While on the subject of the Russia, the English FA has increased its cybersecurity posture ahead of next year's World Cup, likely due to concerns about the Russian Bears hacking group. The hacking group have already targeted a number of sports agencies in recent months, including hacking and releasing football player's world cup doping reports last month. 

In the last couple of weeks, I was Interviewed for Science of Security, and I updated my IBM Developer Works article on Combating IoT Cyber Threats.

NEWS
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Friday, 22 September 2017

Science of CyberSecurity: Latest Cyber Security Threats

As part of a profile interview for Science of Cybersecurity I was asked five questions on cyber security last week, here's question 5 of 5.

Q. What keeps you up at night in the context of the cyber environment that the world finds itself in?
The growing dependence and integration of connected computers within our daily lives, means we are embarking on an era where cyber attacks will endanger our lives. Networked and complex IT systems are inherently insecure, meaning it is open season for nation-states, cyber terrorists and the curious to attack these life integrated emerging technologies, from driverless cars and countless new home IoT devices. I fear it will only be a matter time before a cyber attack causes human harm or even loss of life. The impact of the recent NHS ransomware attack serves as a warning, this cyber attack directly caused the closure of accidental and energy departments and the cancellation of operations. The future threats posed artificial intelligence and quantum computing are also growing concerns for cyber security, and well worth keeping an eye as these technologies continue to progress.

Thursday, 21 September 2017

Science of CyberSecurity: What Cyber Security Blogs to Follow

As part of a profile interview for Science of Cybersecurity I was asked five questions on cyber security last week, here's question 4 of 5.


Q. Do you recommend a particular cyber security blog that our readers could follow?
Of course, my own IT Security Expert Blog, and my Twitter accounts @SecurityExpert and @SecurityToday are well worth following.  My two favourite blogs are Bruce Schneier’s blog, Bruce is a true rock star of the industry, and Krebs on Security blog is also an excellent read, Brian provides the behind the scenes details of the latest hacking techniques and data breaches, and pulls no punches with his opinions. Both these bloggers have books that are a must read for budding cyber security professionals as well.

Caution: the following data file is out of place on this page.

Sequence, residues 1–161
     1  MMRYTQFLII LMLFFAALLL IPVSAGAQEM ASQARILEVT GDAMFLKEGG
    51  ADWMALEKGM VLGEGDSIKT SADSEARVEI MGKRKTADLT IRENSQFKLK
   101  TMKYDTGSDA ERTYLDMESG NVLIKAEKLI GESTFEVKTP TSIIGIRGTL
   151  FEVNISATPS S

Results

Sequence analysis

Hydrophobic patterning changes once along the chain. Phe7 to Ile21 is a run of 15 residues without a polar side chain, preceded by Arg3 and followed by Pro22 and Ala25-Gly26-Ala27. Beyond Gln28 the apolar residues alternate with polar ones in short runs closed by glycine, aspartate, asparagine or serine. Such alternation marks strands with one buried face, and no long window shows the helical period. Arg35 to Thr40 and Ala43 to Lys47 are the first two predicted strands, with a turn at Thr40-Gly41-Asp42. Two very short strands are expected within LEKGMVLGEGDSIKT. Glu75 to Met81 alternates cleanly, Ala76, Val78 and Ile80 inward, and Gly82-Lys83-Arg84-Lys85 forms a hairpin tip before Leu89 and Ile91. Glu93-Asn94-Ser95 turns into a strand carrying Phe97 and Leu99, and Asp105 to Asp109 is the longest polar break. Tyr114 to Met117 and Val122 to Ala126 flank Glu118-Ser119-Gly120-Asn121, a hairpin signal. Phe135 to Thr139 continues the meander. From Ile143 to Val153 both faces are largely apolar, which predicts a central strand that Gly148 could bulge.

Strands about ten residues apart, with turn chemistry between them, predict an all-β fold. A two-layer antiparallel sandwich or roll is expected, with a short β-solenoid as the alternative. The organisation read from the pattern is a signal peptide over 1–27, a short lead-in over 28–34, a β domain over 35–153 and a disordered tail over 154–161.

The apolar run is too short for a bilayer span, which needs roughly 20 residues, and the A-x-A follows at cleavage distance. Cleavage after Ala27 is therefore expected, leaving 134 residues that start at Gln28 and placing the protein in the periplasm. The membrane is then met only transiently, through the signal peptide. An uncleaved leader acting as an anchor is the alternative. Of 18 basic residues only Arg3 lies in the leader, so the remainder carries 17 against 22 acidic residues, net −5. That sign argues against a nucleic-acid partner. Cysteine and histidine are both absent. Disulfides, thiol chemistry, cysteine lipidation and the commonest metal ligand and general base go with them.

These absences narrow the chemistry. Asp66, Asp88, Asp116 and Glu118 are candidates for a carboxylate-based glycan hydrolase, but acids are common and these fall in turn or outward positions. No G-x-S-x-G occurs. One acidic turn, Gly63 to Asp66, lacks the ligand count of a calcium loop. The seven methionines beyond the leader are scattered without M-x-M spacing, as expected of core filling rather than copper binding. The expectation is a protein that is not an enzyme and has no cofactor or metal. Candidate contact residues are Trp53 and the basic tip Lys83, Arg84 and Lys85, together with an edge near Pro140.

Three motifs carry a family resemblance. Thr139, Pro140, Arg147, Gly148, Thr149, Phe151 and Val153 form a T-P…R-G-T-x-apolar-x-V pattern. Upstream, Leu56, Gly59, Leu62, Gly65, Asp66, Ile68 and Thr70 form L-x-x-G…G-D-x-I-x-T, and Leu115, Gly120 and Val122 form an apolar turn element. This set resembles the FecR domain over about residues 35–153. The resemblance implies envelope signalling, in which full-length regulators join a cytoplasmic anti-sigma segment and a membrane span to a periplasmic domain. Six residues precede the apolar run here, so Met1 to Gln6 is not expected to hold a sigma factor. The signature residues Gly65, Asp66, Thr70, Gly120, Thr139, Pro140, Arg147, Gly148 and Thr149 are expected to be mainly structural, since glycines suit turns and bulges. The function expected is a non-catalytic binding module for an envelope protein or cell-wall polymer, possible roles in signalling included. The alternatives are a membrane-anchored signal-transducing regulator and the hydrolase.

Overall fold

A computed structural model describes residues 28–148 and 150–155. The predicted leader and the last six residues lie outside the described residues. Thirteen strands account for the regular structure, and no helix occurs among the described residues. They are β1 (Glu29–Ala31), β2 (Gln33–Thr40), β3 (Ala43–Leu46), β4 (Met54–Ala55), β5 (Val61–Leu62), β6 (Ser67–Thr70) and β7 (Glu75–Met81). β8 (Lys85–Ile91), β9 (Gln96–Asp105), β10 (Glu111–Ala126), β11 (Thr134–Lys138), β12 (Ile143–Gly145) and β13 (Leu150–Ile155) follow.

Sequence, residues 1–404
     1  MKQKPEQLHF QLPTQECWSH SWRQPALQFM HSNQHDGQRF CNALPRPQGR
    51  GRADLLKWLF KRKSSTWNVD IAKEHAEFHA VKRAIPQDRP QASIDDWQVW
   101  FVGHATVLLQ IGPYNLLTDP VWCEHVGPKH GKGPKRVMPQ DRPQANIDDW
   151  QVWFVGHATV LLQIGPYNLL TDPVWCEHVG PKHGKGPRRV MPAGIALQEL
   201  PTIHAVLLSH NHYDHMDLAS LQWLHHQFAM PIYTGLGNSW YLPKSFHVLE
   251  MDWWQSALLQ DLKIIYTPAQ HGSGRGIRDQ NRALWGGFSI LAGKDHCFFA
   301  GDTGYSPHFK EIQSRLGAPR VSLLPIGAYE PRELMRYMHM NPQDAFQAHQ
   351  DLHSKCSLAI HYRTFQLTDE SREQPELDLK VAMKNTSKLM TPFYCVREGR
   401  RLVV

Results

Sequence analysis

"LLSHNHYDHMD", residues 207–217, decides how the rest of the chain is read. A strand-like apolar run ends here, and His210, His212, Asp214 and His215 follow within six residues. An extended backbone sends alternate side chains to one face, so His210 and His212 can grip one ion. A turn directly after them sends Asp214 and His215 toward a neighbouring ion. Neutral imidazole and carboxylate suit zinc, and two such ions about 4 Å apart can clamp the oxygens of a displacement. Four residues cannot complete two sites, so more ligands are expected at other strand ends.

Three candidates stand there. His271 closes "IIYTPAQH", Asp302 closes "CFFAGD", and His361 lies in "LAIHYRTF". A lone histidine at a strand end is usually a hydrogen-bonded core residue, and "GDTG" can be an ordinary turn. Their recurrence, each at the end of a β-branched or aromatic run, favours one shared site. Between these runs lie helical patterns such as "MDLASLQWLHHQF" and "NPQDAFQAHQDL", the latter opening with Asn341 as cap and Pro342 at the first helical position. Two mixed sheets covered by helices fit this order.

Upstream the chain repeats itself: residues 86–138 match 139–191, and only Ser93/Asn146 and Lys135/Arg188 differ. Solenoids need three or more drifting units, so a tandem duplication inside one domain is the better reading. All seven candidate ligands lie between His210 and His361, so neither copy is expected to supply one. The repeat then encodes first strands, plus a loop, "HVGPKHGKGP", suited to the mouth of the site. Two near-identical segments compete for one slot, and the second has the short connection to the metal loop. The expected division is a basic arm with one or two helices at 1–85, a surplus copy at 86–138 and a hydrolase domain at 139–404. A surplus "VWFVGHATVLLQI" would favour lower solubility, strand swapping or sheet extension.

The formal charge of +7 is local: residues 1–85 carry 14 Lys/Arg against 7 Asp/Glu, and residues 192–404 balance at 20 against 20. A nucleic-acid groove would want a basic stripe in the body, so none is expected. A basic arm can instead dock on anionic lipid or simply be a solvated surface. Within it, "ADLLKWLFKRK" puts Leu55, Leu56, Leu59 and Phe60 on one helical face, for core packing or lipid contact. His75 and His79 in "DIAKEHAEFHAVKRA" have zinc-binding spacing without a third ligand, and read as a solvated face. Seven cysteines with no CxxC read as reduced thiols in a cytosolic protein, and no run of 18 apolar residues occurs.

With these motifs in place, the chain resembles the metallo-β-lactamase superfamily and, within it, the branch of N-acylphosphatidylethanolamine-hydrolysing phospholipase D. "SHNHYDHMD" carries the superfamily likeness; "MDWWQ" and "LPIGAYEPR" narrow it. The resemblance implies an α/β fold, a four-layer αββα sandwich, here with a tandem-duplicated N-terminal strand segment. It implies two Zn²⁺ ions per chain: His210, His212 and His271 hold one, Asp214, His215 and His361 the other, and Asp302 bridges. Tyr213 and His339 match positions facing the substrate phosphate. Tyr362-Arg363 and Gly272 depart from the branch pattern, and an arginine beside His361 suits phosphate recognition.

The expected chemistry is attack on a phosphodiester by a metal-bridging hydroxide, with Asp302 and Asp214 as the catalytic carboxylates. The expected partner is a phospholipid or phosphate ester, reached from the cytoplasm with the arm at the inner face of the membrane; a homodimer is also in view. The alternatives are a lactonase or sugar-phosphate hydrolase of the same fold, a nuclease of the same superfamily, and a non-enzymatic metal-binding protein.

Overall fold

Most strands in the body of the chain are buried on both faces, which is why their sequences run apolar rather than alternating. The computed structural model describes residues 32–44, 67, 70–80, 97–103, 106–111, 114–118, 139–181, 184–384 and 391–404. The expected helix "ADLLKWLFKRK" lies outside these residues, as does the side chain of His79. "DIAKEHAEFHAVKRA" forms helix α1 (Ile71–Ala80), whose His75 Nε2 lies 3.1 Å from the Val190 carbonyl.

Wednesday, 20 September 2017

Science of CyberSecurity: Where to get CyberSecurity Science

As part of a profile interview for Science of Cybersecurity I was asked five questions on cyber security last week, here's question 3 of 5.

Q. Where do you go to find your “science” of cybersecurity?
While cyber security controls appear simple to follow in policy statements and best practice guides, the reality is they are not always easy to implement across diverse organisations. When attempting to resolve complex security problems it can be easy for security professionals to lose sight of the goal of cyber security. To keep clarity, I think it helps to strips away the technology from the problem, and learn the security science and lessons from history.  So reading military strategy books like Sun Tzu’s “The Art of War” can improve how you think about and assess the cyber adversaries facing the organisation. Delving into the science of psychology is invaluable when seeking to bring about effective and positive staff security awareness and behavioural changes in the workplace.

Tuesday, 19 September 2017

Science of CyberSecurity: Reasons Behind Most Security Breaches

As part of a profile interview for Science of Cybersecurity I was asked five questions on cyber security last week, here's question 2 of 5.

Q. What – in your estimation – are the reasons behind the many computer security breaches/failures that we see today?